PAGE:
Bachar, did I tell you the story about Kor ciphoning gas? I was about 15, and Layton did what he had to do, you know. The police caught him one night running down an alley with a gas can and a hose. What could he have been doing with those things?! My father simply handed me the police report in the newspaper, not saying a word... When Layton years later asked me to write something for his biography, I decided the more comical stuff was the best and so wrote a wondrous little series of stories, of course including the gas can and hose thing... which, to my surprise, were promptly rejected by Layton. He said he had cleaned up his life and wanted to forget all that. It says nothing of his current life that he was a wild man at one time, but I had to respect his wishes and so wrote the mundane story about our ascent of Overhang Dihedral (on Longs in the rain)... If you like this sort of stuff, I have about a thousand stories...

right here, right now
Jul 4, 2007 - 09:20pm PT
one by one to a thousand stories, yes.
from the beginning and please, take your time.

Trad climber
Mammoth Lakes, CA
Jul 4, 2007 - 09:24pm PT
I like the stories about when Kor was walking on the wild side...sorry Layton!

right here, right now
Jul 4, 2007 - 09:28pm PT
oh and,
Pat said:
"I felt rather as though people would read it and think I am unable to follow a logical thought or say anything at all that has any value or meaning in the universe."

Well, we all know editing does that to us Pat, but even so, Croft once said the meaningless stuff is the best stuff, or something like that, in regards to climbing as a worthwhile pursuit, when contrasted with many of humankind's activities.

And if even tho it may be regarded by some few as meaningless, I must say, you do it well and we are all ears!
John Moosie

Jul 4, 2007 - 10:09pm PT
Boldly spoken Pat. Thank you.

For some reason unknown to me, I have faced mental illness for most of my life. Vast periods of deeply entangling depression have engulfed me and fought me to a standstill more then once. The thing that has helped me keep on keeping on is the beauty of the human spirit and the beauty of nature. There is much beauty in you Pat. Thank you for being who you are and showing the way.

This line cracked me up.

"Q: Ever climb with rock shoes and socks?
A: No, I have always worn clothes also"

You have a very funny and dry sense of humor. hahahaha...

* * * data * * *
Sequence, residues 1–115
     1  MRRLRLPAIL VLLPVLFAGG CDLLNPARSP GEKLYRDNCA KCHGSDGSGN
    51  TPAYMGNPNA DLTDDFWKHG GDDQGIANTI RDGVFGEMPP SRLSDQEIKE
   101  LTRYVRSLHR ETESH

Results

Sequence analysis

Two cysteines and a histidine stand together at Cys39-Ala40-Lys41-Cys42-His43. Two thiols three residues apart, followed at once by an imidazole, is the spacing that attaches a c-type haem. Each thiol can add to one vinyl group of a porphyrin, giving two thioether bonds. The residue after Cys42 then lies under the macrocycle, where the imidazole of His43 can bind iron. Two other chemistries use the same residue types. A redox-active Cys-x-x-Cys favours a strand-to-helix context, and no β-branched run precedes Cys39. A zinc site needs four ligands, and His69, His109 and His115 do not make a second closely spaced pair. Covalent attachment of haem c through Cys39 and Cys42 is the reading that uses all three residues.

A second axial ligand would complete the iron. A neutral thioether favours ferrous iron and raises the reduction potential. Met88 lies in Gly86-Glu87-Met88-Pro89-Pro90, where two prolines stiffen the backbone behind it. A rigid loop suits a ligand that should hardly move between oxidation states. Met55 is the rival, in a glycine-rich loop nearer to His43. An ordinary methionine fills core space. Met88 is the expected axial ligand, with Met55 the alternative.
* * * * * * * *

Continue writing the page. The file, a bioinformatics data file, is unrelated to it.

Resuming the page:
Sport climber
Venice, Ca
Jul 4, 2007 - 10:33pm PT
The sotry of Pat driving with Kor in the car with the bald tires is one of the great narrative stories we have in the literature.


Trad climber
Fruita, Colorado
Jul 4, 2007 - 10:38pm PT
I sometimes say things I wish I hadn't. Years and years and decades ago, I was being interviewed by some girl reporter, about my new book High Over Boulder, which was actually written in 1962 or so but didn't come out until a few years later. So there was a lot of anticipation about its arrival. I was in the office of the Rocky Mountain Rescue Group, at that moment. I often had to do all their rescues for them, because most of them weren't serious climbers. That's a whole other story, about how they repeadtly would phone me or Layton, or how they would phone me and I'd call Rearick, and we would go to Eldorado and climb the route quickly in the dark and get the person down, while the rescue group tried to figure out which gully led to the top of the wall. They were all good blessed souls, for their effort, but they were very formal and would not actually let me join the group because I was too impatient and young and distracted and immature to pass the first aid course. Anyway I was always trying to measure up, in terms of getting them to respect me. I always tried to look and act right, but it was hopeless thing, since I was so naturally rough around the edges. But when the reporter asked, "Who is this book written for," I answered in front of several very sober men, "For those who want to get high over boulder." I didn't even quite realize what I'd said until some of the people outside the door started cracking up, but the rescue group guys were not amused, and the reporter didn't even get it... But of course she quoted me in the newspaper, which made a fine impression with Boulder's citizens.